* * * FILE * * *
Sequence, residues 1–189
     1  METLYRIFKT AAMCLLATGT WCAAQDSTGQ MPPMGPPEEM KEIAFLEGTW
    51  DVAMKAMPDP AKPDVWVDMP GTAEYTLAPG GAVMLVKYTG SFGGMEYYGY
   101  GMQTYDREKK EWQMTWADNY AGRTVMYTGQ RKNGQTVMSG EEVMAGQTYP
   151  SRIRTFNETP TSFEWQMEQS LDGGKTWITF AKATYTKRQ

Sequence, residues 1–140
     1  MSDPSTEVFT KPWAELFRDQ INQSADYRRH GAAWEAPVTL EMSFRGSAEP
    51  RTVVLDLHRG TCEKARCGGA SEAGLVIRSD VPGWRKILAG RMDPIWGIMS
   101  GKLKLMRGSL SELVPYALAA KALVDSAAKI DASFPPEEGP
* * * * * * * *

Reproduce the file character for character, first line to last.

Sequence, residues 1–189
     1  METLYRIFKT AAMCLLATGT WCAAQDSTGQ MPPMGPPEEM KEIAFLEGTW
    51  DVAMKAMPDP AKPDVWVDMP GTAEYTLAPG GAVMLVKYTG SFGGMEYYGY
   101  GMQTYDREKK EWQMTWADNY AGRTVMYTGQ RKNGQTVMSG EEVMAGQTYP
   151  SRIRTFNETP TSFEWQMEQS LDGGKTWITF AKATYTKRQ

Sequence, residues 1–140
     1  MSDPSTEVFT KPWAELFRDQ INQSADYRRH GAAWEAPVTL EMSFRGSAEP
    51  RTVVLDLHRG TCEKARCGGA SEAGLVIRSD VPGWRKILAG RMDPIWGIMS
   101  GKLKLMRGSL SELVPYALAA KALVDSAAKI DASFPPEEGP